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2008 in news



It was a year of economic disappointment, inflated CEO salaries and a groundbreaking election. Mayor Pat McCrory lost his bid for governor in a race that looked tight up until the last second. Charlotte-Mecklenburg Police demonstrated the pitfalls of Taser use. Wachovia folded into Wells Fargo. Real estate took a dive. CL filed for bankruptcy protection. Let's hope 2009 brings better things. In the meantime, here's a look back at 10 stories we've written about in 2008 that may continue to interest us in the new year.

1. Duke Energy CEO James Rogers was further ensconced as the industry's Green Savior, to many environmentalists' dismay.

2. Six months have passed since a Charlotte-Mecklenburg Police officer was suspended for Tasering 17-year-old Darryl Turner repeatedly, resulting in his death. Yet Taser use continues in situations of questionable necessity. CL in December reported that Mario Roberts, a church deacon with no previous criminal history, was Tasered after a diner dispute.

Will elected officials step in? It's unlikely. The weapon's understandable selling point is its non-lethal (usually) ability to help officers resolve dangerous situations without guns. And their use has resulted in more than 300 deaths by Amnesty International's count, only one of those has happened in Mecklenburg County. That's hardly enough, unfortunately, to stir action. Councilwoman Susan Burgess said in July that she might bring Taser use before the council if the public safety committee did not. That was five months ago.

3. At-large City Councilman Anthony Foxx said he plans to run for the mayor's office whether or not Pat McCrory won his bid for governor. McCrory lost and said he wouldn't seek re-election to Charlotte's highest office, giving Foxx what seems to be an advantage. No Republican has announced plans to run yet (though City Councilman John Lassiter, a moderate, appears to be a likely candidate.) Will unexpected names emerge? Can Democrats keep afloat the pro-Obama tide that helped the party in November? Or will public mood sour when Obama fails to bring immediate change, making things more palatable for Republicans?

4. The 287(g) program: Mecklenburg County Sheriff Chipp Bailey has continued the controversial immigration program, which allows local law enforcement to help enforce federal immigration laws. Debate over the program is hardly expected to decline in 2009: The list of participating law enforcement agencies is growing. Sixty-three law enforcement agencies have 287(g) agreements with ICE, including eight departments in N.C.: Alamance, Cabarrus, Cumberland, Gaston, Henderson, Mecklenburg and Wake county sheriff's offices and the Durham Police Department. Mecklenburg was the first to sign in February 2006. Half of the eight N.C. agencies signed agreements in this year alone.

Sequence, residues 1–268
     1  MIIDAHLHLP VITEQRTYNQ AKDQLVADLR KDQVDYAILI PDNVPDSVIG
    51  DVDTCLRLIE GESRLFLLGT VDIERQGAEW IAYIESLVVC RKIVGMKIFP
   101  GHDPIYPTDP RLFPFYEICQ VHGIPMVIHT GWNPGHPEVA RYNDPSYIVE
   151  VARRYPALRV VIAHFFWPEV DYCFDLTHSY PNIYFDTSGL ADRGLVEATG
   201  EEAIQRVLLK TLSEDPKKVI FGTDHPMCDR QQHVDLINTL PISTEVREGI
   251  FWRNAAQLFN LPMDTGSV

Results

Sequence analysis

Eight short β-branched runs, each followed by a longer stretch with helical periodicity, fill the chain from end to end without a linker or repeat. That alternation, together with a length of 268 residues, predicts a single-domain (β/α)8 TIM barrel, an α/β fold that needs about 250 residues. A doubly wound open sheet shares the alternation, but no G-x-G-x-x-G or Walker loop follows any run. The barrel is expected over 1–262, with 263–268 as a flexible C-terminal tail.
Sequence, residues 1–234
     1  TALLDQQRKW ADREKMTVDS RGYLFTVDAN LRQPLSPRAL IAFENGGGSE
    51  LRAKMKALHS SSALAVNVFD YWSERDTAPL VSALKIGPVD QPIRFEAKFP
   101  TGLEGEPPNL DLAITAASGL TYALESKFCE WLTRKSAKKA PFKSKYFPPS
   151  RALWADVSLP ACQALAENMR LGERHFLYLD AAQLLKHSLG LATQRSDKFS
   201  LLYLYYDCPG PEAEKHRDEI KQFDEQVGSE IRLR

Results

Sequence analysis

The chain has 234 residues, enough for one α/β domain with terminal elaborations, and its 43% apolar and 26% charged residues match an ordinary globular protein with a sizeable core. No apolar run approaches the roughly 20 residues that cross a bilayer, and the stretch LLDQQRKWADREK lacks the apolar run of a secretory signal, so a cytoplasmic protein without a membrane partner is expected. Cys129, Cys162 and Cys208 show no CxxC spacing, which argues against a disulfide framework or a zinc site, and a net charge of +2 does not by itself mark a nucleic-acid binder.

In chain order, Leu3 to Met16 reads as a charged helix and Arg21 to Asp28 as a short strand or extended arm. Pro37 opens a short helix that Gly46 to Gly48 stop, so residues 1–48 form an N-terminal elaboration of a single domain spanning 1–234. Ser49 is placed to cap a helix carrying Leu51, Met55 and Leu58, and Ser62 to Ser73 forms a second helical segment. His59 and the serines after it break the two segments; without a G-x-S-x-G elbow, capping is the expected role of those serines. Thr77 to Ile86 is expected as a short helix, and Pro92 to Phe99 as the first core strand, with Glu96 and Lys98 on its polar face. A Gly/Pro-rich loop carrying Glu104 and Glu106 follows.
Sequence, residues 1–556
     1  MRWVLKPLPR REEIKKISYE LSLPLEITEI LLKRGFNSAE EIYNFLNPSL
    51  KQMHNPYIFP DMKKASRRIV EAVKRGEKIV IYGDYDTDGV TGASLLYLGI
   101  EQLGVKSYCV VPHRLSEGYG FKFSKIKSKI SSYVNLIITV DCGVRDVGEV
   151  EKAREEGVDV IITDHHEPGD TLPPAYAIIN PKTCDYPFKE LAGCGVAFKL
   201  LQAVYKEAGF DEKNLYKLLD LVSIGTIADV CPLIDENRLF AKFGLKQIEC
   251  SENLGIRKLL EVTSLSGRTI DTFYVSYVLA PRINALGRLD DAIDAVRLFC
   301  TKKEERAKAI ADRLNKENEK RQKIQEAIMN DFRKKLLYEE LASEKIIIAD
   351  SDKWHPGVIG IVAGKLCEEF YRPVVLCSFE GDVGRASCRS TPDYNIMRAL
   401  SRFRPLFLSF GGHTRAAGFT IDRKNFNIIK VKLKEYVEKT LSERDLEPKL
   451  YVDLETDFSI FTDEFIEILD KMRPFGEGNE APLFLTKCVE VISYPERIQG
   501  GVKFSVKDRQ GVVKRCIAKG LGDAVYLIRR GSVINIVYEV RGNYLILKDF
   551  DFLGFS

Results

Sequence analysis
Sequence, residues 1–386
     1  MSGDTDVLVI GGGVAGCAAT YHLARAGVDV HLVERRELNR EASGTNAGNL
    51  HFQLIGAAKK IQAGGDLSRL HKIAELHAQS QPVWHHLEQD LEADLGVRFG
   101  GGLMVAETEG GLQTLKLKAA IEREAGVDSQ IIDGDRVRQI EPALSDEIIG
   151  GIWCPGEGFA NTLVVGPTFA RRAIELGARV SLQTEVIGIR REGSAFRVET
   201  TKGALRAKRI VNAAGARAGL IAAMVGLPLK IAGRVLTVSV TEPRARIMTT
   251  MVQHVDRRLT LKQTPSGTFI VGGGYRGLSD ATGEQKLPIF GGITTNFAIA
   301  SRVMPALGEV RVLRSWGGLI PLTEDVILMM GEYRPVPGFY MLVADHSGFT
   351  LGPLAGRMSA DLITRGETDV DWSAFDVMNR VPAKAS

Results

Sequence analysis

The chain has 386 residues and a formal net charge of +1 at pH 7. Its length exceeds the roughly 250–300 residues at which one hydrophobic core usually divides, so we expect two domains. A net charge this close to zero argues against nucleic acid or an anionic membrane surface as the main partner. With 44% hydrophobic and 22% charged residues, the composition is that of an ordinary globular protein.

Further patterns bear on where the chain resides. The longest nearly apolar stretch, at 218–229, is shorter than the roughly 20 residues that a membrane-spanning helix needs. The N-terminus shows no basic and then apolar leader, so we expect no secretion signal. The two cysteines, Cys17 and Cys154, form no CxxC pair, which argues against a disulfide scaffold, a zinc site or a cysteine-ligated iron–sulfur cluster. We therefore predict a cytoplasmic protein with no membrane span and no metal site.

5. Operation Save America will continue its lawsuit against the city of Charlotte. Known for protesting abortion clinics and gay pride events (and no stranger to litigation), OSA in September 2007 sued the city, alleging city staff violated the organization's First Amendment rights by denying the group a festival permit in 2006. Sixteen months later, the lawsuit is still a go.

6. City Housing: When City Manager Curt Walton included $10 million in housing bonds in the 2009 budget, some councilmembers, including Foxx, said they hoped to push for more. The city's Housing Trust Fund had recommended $30 million to deal with a shortage of affordable housing. Councilmembers were unsuccessful, and the $10 million amount was placed on the ballot, where it passed. Now the money goes to the Trust Fund to buy new and rehabilitate existing housing. With the economy struggling, you can bet the need is there.

7. Media transformation. Call it what you want: You can pick up several of the city's printed publications and see a decline in what they're able to do with the declining dollars they have to spend. With Charlotte having a relatively undeveloped local-centric blogging culture (with a few exceptions), the city seems ripe for an investment in Web-based news, whether from traditional journalists or bloggers.

8. The Charlotte Housing Authority began planning the moves of Boulevard Homes residents. The authority wants local government backing for a grant from the U.S. Department of Housing and Urban Development so it could transform the beleaguered public housing complex into a mixed-use development. CHA must apply for it by summer 2009 or early fall 2009. City funds would need to be set aside for the project in 2010 or 2011.

9. Bank of America's recent announcement that it will phase out funding of companies that mine coal predominantly through mountaintop removal got it good press, but in 2009 environmentalists will no doubt continue to keep tabs on the company. And they may target other banks that financially back the controversial practice.

10. Will the N.C. Medical Society succeed in derailing efforts to disclose more malpractice data? The plan, which would require disclosure of malpractice payments of more than $25,000, was approved by the state Medical Board and by the state Rules Commission. Doctors' objections, however, mean the plan now goes back to the General Assembly. If a lawmaker files legislation dealing with malpractice reporting, the rules won't take effect until the bill is voted down or the session ends in late summer or early fall. And if no lawmaker files a bill within 31 days of the session's start, the rules will immediately take effect. As CL and other papers have documented, such disclosure is sorely needed.

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